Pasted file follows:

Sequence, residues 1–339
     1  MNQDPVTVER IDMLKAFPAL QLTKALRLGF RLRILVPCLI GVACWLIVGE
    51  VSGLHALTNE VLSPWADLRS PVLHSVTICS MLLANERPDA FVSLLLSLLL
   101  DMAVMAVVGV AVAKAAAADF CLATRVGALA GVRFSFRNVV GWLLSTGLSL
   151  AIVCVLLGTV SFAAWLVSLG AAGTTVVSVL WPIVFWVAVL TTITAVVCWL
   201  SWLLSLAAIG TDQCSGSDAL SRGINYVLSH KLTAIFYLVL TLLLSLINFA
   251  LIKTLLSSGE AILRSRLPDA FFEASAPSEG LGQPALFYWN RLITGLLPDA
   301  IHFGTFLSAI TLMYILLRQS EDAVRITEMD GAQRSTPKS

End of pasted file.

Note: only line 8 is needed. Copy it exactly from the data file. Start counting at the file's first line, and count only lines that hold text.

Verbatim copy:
   301  IHFGTFLSAI TLMYILLRQS EDAVRITEMD GAQRSTPKS